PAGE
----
Members of the University of Montevallo men’s basketball team pose for a photo in front of the arena in Highland Heights, Ky. Featured on the glass are the Elite Eight logo and the team logos for those schools that made it to the Elite Eight. The Falcons advanced through the tournament, playing Western Washington in the national championship game March 24.
While most of the University of Montevallo family was enjoying spring break last week, the men’s basketball team was hard at work in Highland Heights, Ky.
The team played March 21 in their Elite Eight match-up, defeating Metropolitan State College of Denver 67-65 when senior Antoine Davis hit a pair of free throws with three seconds remaining on the clock.
The win advanced the Falcons to their first NCAA Division II Final Four. They faced off against defending national champion Bellarmine University Thursday evening. The 22nd-ranked Falcons held fourth-ranked Bellarmine scoreless over a seven-minute-plus stretch in the second half to open up a double-digit lead and eventually win, 79-72.
The win advanced the Falcons to their first NCAA Division II National Championship game, which sent University personnel scrambling to secure fan buses and get the word out to any and all who might cut short their spring break and take a road trip to cheer for the Falcons. Through e-mail, facebook and website updates, the word was spread, and when it was all said and done, four buses departed from Montevallo Friday at midnight, headed for Kentucky and the chance to watch the Falcons play for a national championship for the first time in school history. The game was broadcast live March 24 on CBS.
The Falcons fought hard against a very tall team throughout the game, and in the end fell just short of their first national championship, dropping a 72-65 decision to 12th-ranked Western Washington University.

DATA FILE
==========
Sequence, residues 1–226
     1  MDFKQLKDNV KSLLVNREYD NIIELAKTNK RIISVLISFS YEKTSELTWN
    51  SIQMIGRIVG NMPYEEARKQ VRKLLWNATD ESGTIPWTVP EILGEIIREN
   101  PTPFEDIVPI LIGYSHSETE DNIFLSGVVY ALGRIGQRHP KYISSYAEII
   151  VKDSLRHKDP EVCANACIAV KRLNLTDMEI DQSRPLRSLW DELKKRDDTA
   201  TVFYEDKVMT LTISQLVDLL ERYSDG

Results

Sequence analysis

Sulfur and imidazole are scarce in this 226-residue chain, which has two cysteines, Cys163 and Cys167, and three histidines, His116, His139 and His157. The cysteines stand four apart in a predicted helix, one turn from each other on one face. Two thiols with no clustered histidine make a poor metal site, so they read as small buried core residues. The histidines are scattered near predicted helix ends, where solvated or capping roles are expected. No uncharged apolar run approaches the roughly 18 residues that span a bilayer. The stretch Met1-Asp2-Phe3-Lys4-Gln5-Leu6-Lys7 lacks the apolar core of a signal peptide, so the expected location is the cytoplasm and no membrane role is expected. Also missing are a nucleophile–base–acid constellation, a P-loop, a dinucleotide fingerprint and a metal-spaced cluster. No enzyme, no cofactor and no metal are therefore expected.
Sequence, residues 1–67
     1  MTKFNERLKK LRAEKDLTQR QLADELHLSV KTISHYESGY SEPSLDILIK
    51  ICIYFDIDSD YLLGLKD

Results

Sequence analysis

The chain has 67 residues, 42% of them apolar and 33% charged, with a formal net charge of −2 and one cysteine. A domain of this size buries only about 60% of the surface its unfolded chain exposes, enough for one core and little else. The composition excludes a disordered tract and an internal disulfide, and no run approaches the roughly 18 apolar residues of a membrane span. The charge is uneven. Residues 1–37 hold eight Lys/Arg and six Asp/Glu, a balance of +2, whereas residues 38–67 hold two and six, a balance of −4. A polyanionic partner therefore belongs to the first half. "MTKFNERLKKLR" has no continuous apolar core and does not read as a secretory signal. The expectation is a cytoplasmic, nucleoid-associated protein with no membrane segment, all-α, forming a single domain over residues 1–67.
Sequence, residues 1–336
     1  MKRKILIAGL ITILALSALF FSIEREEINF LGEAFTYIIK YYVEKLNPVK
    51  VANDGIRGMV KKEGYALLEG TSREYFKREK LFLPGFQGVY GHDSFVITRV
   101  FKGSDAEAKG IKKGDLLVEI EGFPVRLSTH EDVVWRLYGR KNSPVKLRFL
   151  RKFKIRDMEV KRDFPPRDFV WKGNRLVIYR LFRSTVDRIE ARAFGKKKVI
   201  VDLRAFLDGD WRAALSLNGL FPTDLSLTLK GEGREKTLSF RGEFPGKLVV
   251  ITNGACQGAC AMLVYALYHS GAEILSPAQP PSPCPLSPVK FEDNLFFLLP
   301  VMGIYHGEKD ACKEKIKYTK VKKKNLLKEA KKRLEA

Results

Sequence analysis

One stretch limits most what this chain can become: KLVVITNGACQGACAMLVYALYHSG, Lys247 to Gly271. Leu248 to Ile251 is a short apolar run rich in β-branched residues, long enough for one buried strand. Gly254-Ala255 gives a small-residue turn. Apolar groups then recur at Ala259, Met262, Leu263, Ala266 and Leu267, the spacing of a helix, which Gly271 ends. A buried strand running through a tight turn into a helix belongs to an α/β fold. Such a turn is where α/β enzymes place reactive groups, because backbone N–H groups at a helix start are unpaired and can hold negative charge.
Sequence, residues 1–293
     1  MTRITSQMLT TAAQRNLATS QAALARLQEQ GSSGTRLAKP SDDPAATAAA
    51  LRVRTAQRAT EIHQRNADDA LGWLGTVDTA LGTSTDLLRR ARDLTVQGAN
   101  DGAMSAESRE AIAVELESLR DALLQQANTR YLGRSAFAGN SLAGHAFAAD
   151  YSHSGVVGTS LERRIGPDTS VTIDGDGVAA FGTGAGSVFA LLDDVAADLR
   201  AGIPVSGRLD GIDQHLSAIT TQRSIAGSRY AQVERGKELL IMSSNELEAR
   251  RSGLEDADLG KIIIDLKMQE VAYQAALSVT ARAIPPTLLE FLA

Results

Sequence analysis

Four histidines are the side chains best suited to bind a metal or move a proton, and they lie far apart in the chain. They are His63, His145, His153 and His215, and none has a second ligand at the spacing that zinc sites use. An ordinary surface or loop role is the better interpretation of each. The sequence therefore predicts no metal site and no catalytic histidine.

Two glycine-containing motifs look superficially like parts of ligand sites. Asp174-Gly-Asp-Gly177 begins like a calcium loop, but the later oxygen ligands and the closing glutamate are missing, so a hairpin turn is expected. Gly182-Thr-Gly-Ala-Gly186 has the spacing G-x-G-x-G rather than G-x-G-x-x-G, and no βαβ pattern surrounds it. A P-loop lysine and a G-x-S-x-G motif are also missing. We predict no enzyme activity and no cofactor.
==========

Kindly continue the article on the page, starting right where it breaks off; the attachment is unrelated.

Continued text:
The men’s basketball team is the first University of Montevallo program to advance to the NCAA championship game. The Falcons have now advanced to the NCAA tournament seven of the last nine years and have advanced to the Elite Eight three of the last seven seasons under head coach Danny Young.
The Falcons were led by the tournament’s Most Outstanding Player, senior D. J. Rivera (Philadelphia, Pa./Binghamton University) who scored a game-high 20 points in the game. Senior Antoine Davis (Washington, D. C./College of the Desert) added 16 points, four rebounds and four assists. Junior Drico Hightower (Augusta, Ga./Angelina College) had nine points and nine rebounds while senior DeMarcus Catchings (Arlington, Texas/Cedar Valley College) added eight points and a team-high 11 rebounds.
In addition to their tournament play, the Falcons participated in a community outreach program at Crossroads Elementary, a local school. The students at Crossroads had been following the Falcons since they were announced hosts of the Southeast Regional Tournament. All the classes made signs for the different players and were excited to finally meet the team. Some of the players spoke to the group about what it takes to be a college athlete and the importance of staying in school and listening to your teachers and parents. Following the talk, the players did a basketball demonstration in which the students went crazy every time a UM Falcon dunked the ball.
For complete games coverage, as well as photo galleries from the tournament games, visit the men’s basketball pages for UM Athletics online at http://www.montevallofalcons.com/sports/mbkb/index.